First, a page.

Salt Root and Roe.
By Tim Price
Cast: Betsan Llwyd, Sara Harris-Davies, Brendan Charleson, Catrin Aaron.
Director: Kate Wasserberg.
Tim Price’s latest play is like a pebble picked from a Pembrokeshire beach. It’s something to take home and reflect over, something that evokes a smell of the sea. This is a play which explores the concepts of assisted suicide and of being reconciled to death. But if that sounds heavy going, it’s not. Salt, Root and Roe floats in a space between the sky and the sea reflecting the ambiguity of what life and living is all about.
Price’s inspiration for the play came from his earlier journalist career, when two elderly twins committed suicide by tying themselves together and walking into the sea. By taking elements of the true story, Price has created a tale of two elderly identical twins thwarted from their suicide pact by a daughter. As Menna tries to reason with her mother and aunt she gradually realises that life for either of them without the other, would not be a life worth living and that her own peace depends on letting them go.
It’s a strong script for mature actors and unusually, mature women. Betsan Llwyd and Sara Harris-Davies are convincing as identical twins, despite their different height and build. They eat, sleep and breathe in unison, underlying the impression that they are two halves of the whole; neither can survive without the other. Menna, Anest’s daughter, played by Catrin Aaron, can’t bear to let either of them go. When she realises that it’s her own mother who wants to die with her terminally ill twin, we feel the pain of her maternal rejection. It seems unimaginable that a mother should prefer to leave behind her only child in order to die with her own sister, yet we see that the twins’ identities are totally bound in each other. It’s a plausible concept and Price conveys it credibly. Brendan Charleson as the local policeman provides discrete emotional support, despite being locked in his own disintegrating marriage. Ironically, he introduces a note of hope in this beautiful but slow moving examination of the emotions surrounding assisted suicide.
Price infuses the play with a strong Welsh identity and location, setting the play on the north Pembrokeshire coast. This is a bilingual play; the twin sisters communicate together in welsh, yet the bilingualism is handled with a light touch. That the play enjoyed a successful run at London’s Trafalgar Studios is evidence that the bilingualism is without detriment to the universality of the play’s appeal. Welsh is used to reinforce the exclusion that Menna feels from Anest and Iola. She rebukes them ‘don’t start on the Welsh’, when they lapse into what seems to be their private twin language. Llwyd and Harris-Davies give a superb performance as the increasingly self-absorbed elderly sisters and Aaron’s anguish as she witnesses their disintegration is palpable.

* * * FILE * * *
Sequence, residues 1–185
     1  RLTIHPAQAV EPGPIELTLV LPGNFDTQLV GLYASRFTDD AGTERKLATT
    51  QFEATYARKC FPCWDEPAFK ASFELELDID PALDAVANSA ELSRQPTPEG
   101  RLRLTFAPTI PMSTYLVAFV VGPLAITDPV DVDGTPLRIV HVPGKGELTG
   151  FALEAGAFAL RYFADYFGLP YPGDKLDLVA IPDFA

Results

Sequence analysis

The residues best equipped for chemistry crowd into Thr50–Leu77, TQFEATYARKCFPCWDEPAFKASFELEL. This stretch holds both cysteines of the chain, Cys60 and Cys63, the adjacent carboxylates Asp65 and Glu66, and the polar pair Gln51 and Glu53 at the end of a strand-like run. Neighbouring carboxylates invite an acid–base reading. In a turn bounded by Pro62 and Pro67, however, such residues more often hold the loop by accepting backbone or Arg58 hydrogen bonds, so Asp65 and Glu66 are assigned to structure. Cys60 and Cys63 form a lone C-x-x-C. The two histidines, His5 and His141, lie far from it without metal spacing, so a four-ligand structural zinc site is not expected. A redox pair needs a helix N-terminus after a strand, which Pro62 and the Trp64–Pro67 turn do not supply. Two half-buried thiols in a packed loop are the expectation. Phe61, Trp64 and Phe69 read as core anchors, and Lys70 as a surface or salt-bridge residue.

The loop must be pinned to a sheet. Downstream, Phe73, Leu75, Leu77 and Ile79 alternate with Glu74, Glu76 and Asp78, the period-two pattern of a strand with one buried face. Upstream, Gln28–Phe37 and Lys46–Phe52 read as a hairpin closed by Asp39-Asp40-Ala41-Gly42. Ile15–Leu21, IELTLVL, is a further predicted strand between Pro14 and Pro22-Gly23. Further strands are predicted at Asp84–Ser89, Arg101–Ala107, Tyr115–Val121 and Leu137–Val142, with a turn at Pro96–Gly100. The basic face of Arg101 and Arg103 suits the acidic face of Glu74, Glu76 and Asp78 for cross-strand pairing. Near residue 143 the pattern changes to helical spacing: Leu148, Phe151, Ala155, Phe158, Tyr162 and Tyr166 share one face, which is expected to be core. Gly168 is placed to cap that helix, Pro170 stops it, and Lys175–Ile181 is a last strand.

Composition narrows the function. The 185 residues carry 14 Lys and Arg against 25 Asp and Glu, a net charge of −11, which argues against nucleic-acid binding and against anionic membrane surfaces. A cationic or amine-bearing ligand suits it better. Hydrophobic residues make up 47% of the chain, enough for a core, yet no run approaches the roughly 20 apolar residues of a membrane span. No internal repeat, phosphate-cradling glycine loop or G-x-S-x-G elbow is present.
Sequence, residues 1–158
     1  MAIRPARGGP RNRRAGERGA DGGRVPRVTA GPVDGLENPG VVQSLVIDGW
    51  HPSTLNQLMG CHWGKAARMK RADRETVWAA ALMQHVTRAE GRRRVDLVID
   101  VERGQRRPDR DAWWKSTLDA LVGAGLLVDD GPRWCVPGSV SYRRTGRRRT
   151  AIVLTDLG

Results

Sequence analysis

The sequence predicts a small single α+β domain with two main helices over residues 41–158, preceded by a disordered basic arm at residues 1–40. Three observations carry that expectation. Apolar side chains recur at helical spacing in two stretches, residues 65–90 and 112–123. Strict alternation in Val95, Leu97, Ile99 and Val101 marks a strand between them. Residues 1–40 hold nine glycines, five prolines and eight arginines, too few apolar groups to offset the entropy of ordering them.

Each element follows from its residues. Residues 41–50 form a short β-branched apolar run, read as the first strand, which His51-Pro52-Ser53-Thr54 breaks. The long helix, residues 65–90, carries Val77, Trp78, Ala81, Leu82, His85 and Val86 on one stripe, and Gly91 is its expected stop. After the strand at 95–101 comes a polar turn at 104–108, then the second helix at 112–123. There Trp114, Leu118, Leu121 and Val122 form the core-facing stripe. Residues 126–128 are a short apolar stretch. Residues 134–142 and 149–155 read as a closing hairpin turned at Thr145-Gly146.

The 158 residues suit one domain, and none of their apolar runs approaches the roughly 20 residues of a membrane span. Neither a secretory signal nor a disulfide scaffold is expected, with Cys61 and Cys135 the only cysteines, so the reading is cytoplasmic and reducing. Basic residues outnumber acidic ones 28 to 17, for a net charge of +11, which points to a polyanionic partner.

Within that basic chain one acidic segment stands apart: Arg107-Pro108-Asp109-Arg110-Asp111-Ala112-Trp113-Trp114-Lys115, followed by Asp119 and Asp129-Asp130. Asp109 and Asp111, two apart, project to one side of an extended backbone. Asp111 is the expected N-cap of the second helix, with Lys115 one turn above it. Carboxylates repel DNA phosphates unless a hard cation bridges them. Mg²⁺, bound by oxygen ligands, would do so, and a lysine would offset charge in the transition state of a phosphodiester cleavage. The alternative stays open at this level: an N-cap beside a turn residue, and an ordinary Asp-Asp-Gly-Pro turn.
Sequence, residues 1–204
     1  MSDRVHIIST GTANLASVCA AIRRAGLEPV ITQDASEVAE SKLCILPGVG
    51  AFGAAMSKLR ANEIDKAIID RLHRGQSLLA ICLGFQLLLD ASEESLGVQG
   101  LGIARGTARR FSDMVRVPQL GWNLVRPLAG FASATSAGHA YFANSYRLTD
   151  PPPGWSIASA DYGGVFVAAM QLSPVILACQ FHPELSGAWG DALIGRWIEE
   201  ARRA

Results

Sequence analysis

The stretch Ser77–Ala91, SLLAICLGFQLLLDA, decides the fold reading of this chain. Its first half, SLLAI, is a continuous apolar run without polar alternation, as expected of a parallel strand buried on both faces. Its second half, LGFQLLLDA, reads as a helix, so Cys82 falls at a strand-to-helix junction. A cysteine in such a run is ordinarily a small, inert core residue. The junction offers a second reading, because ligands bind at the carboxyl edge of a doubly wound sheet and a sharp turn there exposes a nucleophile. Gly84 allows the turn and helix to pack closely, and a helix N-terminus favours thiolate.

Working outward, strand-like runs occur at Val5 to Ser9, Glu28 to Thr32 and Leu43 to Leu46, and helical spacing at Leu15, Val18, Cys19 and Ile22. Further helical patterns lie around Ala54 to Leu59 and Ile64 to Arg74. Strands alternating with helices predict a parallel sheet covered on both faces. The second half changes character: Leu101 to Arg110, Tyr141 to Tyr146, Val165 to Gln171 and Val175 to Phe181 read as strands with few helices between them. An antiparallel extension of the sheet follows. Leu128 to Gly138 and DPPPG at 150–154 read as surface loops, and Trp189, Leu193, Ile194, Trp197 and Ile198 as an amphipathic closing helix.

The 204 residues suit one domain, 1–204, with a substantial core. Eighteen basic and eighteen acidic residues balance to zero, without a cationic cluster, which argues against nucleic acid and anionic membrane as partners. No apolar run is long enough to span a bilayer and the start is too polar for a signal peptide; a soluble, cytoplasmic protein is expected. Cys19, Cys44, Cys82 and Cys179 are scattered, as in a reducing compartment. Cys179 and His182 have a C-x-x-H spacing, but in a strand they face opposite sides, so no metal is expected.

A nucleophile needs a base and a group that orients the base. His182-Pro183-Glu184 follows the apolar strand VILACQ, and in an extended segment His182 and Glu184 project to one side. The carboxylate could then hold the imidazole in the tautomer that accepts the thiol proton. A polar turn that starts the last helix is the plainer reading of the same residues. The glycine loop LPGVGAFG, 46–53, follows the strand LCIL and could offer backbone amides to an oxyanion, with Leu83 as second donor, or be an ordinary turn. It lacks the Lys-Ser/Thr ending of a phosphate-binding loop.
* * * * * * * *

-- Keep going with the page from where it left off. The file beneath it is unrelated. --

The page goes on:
Designer Ruth Hall has used the hard slate grey beachscape of the north Pembrokeshire coast as an influence in developing the set. A grey refracted light creates an ambiguous space that shifts between land, underwater and sky, emphasising the ambiguity of life. Hall somehow manages to make two different actors look like identical by using striking red overcoats. Initially is makes them look like two jolly garden gnomes, but as the play progresses, it gives an abstract feel to the underwater scenes in which the twins recite poetry.
The script feels lean in a positive sense, and Price shows subtlety in developing each character as the play progresses. In particular, Menna’s slow journey from trying to save the twins to her complicity in their suicide is haunting. The play feels well structured in an understated way; from the unexpected revelations which send the audience into an unanticipated trajectory, to the careful variation of pace between the dream-like poetic recitations by the twins and the frantic energy of Menna, desperate to save them. This is a beautifully written play which lingers in the mind. It confronts the notion that the correct thing to do is not necessarily the kindest or the most loving. Price takes an unspeakable concept and plants it firmly in our consciousness where it floats like the memories evoked by that pebble plucked from the beach.